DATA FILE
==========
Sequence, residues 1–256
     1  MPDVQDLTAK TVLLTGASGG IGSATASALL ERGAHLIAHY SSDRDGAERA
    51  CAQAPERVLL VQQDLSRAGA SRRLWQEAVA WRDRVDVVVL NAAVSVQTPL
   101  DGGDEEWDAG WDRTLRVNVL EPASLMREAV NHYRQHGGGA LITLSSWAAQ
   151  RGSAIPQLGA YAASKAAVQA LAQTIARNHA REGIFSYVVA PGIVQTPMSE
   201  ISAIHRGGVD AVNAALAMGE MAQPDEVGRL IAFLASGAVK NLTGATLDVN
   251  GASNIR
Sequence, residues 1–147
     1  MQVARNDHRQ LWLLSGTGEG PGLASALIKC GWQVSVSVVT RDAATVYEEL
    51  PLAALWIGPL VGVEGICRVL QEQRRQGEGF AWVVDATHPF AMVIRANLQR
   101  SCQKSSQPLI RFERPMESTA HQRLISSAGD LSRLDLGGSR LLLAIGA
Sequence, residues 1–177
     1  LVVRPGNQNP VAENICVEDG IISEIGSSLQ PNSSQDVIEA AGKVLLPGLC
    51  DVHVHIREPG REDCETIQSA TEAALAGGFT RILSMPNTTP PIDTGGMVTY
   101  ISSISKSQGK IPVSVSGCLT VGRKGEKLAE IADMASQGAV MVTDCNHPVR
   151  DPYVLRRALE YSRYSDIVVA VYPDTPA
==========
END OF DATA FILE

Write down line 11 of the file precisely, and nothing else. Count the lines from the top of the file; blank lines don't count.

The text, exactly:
   101  SCQKSSQPLI RFERPMESTA HQRLISSAGD LSRLDLGGSR LLLAIGA